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64.2.1 Military compensation and the 1930 Act
Coverage of Defence Force personnel under the Commonwealth Employees' Compensation Act 1930 commenced from 3 January 1949, as a result of amendments introduced by the Commonwealth Employees' Compensation Act 1948 (No 61/1948).
Prior to 3 January 1949, any claims for employees' compensation for injury sustained in the course of a member's duties were considered under the various Defence Act determinations of the time.
In those cases where a person submits a claim for compensation benefits relating to an injury sustained during ADF service prior to 3 January 1949 (where there is no compensation coverage under other legislation), the person may wish to consider lodging a claim for an Act of Grace payment with the Department of Finance and Deregulation.
Further information about Act of Grace payments can be found at the Department of Finance and Deregulation website via the following link: http://www.finance.gov.au/financial-framework/discretionary-compensation/act-of-grace.html
The site also includes an application form that the person can use if they wish to lodge a request.
Contact details for the relevant section within the Department of Finance and Deregulation are as follows:
Special Claims and Land Policy Branch
Department of Finance and Deregulation
John Gorton Building
King Edward Terrace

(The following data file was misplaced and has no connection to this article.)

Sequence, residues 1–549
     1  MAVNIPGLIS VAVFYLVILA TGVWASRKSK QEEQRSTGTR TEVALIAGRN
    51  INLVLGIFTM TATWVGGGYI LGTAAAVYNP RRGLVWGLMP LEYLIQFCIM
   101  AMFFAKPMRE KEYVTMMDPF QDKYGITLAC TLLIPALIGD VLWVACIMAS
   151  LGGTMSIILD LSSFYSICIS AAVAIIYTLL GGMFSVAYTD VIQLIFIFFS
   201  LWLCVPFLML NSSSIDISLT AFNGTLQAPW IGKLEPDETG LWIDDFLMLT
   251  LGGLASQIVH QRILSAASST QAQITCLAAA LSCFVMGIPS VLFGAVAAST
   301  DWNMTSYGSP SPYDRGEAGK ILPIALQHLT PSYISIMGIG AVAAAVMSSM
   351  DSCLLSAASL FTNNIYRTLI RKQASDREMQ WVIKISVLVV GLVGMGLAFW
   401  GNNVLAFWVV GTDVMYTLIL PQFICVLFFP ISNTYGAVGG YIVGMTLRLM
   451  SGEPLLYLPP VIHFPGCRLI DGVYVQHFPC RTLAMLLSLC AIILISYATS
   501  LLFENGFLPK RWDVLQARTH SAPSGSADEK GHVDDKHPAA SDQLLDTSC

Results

PARKES ACT 2600
Telephone: 1800 227 572
Please note that requests for Act of Grace payments do not have to be lodged with DVA as the first point of consideration.In the claims that are considered by the Department, there is evidence which indicates that the average time that elapses between the date an 'injury' occurs and the date on which a claim for compensation is lodged is something around ten years. Claims are not uncommonly received which relate to injuries that are alleged to have occurred forty or fifty years previously and for diseases that are attributed to service in the ADF in the 1950s. Consequently, it is not at all uncommon that Delegates are required to consider claims under the Transitional Provisions of the SRC Act, having regard to the relevant provisions of the 1930 Act (and, in many cases, the 1971 Act).
The importance of understanding the different legislative requirements of the 1930 Act in particular must be stressed since it would not be appropriate, for example, to consider a claim for a disease which first manifested in say 1962 under the disease provisions of the SRC Act. Such a case should be considered in accordance with the disease provisions of the Act that was in force in 1962, that is, the 1930 Act. The disease provisions of that Act were quite different to those contained in either the 1971 Act or in the SRC Act.
The 1930 Act had specific requirements regarding service of notice of an accident (that is, notice of an injury, or of a disease or of the death of an employee) and lodging a claim for compensation.
The practical effect of the provisions of S16 is that notice of an accident (remember that this includes notice of an injury, or of a disease or of the death of an employee) had to be served on the then Commissioner for Employees' Compensation (Comcare Australia is the current equivalent of the Commissioner) as soon as practicable after an injury occurred, or after the date on which an employee became aware that he/she was suffering from a disease or after the date on which a claimant became aware of the death of the employee.
The Liability Handbook has detailed writings on how to deal with claims that have been lodged outside the legislative timeframes, possible prejudice against the Commonwealth and consideration of claims generally under the 1930 Act.